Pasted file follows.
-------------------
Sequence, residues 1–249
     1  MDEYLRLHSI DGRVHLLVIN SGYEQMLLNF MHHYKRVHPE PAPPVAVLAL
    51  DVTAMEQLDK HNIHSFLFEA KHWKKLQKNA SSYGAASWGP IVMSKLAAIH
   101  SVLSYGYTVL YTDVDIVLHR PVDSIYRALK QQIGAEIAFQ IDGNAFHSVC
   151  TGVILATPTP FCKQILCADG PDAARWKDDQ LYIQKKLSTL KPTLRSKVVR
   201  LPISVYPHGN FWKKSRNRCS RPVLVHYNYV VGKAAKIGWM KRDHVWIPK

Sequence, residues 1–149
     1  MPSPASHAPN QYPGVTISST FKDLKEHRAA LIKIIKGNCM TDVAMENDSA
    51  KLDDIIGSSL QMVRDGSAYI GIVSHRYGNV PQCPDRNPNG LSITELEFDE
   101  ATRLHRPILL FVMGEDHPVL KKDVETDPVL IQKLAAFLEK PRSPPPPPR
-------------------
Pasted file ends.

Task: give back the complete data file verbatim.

Sequence, residues 1–249
     1  MDEYLRLHSI DGRVHLLVIN SGYEQMLLNF MHHYKRVHPE PAPPVAVLAL
    51  DVTAMEQLDK HNIHSFLFEA KHWKKLQKNA SSYGAASWGP IVMSKLAAIH
   101  SVLSYGYTVL YTDVDIVLHR PVDSIYRALK QQIGAEIAFQ IDGNAFHSVC
   151  TGVILATPTP FCKQILCADG PDAARWKDDQ LYIQKKLSTL KPTLRSKVVR
   201  LPISVYPHGN FWKKSRNRCS RPVLVHYNYV VGKAAKIGWM KRDHVWIPK

Sequence, residues 1–149
     1  MPSPASHAPN QYPGVTISST FKDLKEHRAA LIKIIKGNCM TDVAMENDSA
    51  KLDDIIGSSL QMVRDGSAYI GIVSHRYGNV PQCPDRNPNG LSITELEFDE
   101  ATRLHRPILL FVMGEDHPVL KKDVETDPVL IQKLAAFLEK PRSPPPPPR